DTM stops at the Monaco of Germany this weekend
Hosting the DTM this weekend is the Norisring, the legendary street circuit in the heart of Nuremberg. As the shortest race track on the DTM calendar at 2.3 kilometers, the circuit enjoys a cult status with drivers and fans and is also known as the “Monaco of Germany” because of its very special flair.
The track runs over public roads that have been cordoned off for the event. Pilots drive past the Frankenstadion stadium, the old stone grandstand and the Dutzendteich pond. It is important that the competitors are totally concentrated over the entire distance, because instead of generous run-off areas they face barriers and at the exit of the Schöller-S many drivers have left their side mirrors on the infamous stone wall. However, the stresses placed on the Ventus Race tires of the exclusive DTM partner Hankook are very low compared to all other DTM circuits.
Public traffic normally rolls over the Nuremberg city circuit and for this reason there is a lot of dirt which can make the track slippery in the first sessions. Over the course of the DTM weekend, the racing line is driven clean, but competitors are advised not to stray from the ideal line otherwise they risk picking up dirt which can lead to off-track excursions.
The track surface of the Norisring is smooth and compact and in the last years has resulted in little wear and tear in the Hankook racing tires. The tarmac, however, has been constantly patched up and now consists of different types of surfaces. “For this reason the drivers must adapt to changing grip levels which can be balanced out with a neutral setup,” explains Thomas Baltes, Hankook’s DTM race engineer.
The need for a neutral setup also applies to the entire track layout of the Norisring, which changes constantly between slow passages and fast straights. Thomas Baltes: “In the tight corners and the hairpins you need a lot of traction to accelerate out of them, on the fast stretches, however, you want as little downforce as possible. That’s why the teams must find a vehicle setup that is balanced.”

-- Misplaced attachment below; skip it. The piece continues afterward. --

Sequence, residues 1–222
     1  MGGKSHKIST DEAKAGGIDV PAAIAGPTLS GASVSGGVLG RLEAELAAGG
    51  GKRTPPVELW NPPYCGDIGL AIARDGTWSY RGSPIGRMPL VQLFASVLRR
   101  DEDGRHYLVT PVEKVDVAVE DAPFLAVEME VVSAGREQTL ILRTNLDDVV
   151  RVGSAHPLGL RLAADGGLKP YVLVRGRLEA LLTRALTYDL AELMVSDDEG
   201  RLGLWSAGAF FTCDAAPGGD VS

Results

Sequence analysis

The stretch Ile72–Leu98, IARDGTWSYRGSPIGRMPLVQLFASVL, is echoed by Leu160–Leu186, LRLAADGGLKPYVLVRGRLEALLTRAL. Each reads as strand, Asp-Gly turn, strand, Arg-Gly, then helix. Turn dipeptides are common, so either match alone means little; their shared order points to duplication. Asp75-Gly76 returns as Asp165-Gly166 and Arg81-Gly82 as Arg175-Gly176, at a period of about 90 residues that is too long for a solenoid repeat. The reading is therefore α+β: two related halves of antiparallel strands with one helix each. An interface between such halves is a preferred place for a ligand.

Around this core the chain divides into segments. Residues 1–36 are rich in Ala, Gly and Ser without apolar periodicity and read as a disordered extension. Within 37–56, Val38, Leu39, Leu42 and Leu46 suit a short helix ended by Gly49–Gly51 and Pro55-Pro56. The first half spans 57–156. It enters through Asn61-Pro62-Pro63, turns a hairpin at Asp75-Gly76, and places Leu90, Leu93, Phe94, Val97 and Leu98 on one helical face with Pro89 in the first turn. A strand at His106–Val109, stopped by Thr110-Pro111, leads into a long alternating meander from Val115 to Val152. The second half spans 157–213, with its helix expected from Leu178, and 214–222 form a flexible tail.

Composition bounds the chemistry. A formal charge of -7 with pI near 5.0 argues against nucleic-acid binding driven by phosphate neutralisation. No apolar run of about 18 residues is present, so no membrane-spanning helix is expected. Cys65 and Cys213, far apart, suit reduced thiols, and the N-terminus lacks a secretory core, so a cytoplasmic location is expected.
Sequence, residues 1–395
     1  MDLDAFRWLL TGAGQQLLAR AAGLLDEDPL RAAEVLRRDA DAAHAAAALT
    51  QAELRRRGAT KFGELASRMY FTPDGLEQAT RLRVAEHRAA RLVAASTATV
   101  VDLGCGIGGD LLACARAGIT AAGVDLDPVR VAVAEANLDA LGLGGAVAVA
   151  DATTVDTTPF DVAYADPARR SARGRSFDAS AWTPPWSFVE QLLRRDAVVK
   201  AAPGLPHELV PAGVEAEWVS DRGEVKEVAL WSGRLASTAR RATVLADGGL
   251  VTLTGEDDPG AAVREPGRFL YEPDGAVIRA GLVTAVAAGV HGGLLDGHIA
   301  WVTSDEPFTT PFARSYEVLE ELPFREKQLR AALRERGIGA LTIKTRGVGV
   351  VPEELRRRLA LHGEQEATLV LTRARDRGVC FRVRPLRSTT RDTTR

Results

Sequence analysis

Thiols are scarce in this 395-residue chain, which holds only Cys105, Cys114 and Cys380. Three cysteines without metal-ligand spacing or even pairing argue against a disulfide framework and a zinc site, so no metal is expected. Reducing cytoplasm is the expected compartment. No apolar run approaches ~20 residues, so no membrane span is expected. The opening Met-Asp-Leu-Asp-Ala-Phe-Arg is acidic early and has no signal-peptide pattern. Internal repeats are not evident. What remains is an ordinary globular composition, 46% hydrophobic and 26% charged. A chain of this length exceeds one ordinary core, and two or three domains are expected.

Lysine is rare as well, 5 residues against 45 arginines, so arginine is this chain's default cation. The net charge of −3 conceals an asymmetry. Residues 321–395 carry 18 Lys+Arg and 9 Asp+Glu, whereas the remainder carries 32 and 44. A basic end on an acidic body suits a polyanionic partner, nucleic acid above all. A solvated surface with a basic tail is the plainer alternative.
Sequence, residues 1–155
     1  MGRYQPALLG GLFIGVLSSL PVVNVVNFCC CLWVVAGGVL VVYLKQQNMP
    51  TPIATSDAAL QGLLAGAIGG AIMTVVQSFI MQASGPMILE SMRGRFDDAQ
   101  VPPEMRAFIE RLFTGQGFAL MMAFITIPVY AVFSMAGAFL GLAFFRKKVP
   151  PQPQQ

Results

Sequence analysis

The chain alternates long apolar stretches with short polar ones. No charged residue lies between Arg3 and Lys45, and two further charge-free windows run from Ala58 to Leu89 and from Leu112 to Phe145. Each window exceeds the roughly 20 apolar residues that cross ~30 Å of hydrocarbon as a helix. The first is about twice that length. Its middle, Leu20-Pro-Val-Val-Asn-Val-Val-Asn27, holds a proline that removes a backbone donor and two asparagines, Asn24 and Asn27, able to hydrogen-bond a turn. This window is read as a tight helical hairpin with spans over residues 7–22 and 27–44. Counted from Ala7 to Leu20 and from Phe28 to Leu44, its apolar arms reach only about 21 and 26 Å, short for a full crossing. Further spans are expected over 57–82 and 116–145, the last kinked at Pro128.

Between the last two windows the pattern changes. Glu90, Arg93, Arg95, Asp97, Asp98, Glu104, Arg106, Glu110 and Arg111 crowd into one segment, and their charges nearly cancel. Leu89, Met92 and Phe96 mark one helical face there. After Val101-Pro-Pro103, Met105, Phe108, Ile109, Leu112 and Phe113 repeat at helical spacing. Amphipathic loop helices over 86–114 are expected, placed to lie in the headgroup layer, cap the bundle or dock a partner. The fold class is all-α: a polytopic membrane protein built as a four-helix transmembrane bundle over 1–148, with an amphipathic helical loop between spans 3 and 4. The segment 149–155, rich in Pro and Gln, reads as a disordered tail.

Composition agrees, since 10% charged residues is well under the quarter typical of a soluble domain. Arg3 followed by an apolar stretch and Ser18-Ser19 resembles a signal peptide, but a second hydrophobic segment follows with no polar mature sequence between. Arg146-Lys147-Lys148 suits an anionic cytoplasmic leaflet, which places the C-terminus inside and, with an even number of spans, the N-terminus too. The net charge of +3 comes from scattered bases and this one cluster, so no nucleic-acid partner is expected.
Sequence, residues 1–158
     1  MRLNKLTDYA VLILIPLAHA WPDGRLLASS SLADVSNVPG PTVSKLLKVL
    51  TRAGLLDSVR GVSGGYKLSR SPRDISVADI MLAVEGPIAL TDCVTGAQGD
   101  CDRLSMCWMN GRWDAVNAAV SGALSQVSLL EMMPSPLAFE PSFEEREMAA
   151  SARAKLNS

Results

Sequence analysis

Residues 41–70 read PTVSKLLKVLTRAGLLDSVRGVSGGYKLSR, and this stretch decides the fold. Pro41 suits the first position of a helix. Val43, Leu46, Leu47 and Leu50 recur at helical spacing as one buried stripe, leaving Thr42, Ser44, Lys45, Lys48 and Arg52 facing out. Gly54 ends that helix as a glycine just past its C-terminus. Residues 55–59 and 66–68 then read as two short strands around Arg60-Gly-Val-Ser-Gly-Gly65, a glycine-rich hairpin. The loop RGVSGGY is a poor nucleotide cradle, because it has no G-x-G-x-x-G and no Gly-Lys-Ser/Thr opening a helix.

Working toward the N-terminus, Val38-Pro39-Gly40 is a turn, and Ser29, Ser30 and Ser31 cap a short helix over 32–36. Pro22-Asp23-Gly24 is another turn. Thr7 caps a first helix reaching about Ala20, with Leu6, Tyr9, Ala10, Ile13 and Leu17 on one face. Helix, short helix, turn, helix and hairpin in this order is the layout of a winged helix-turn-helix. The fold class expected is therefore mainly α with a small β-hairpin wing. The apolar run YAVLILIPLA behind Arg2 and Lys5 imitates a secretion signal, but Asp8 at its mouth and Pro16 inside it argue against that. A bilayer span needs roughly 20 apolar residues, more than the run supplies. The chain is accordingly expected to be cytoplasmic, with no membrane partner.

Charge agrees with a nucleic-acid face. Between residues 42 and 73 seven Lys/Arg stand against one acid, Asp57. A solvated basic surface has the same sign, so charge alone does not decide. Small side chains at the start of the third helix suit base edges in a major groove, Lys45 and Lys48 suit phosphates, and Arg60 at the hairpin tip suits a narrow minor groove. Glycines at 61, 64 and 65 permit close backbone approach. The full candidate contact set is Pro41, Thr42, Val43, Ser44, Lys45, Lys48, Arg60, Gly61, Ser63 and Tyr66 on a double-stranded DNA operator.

Another critical factor are the brakes that are put under constant stress on the narrow street circuit. At the end of the finish straight, the drivers must decelerate for the Grundig-Kehre from 250 to 50 km/h and after exiting this corner they hit the brakes hard again for the S-corner. The very bumpy track makes the car unsettled, which makes it hard for the pilots to find the optimal braking point. “With slightly lower tire pressure the road holding and the traction of the cars improve. But this also increases wear on the Ventus Race tire,” explains Hankook’s DTM race engineer.
Many braking and acceleration manoeuvres put greater stresses on the tread than the structure of the Hankook race tire, which faces neither high kerbs nor high g-forces. Thomas Baltes: “The critical spots on the Norisring are the hairpins after the start and at the Dutzendteich on the opposite side of the track. Those who manage to find the correct braking points and afterwards the optimal traction will be amongst the front-runners.”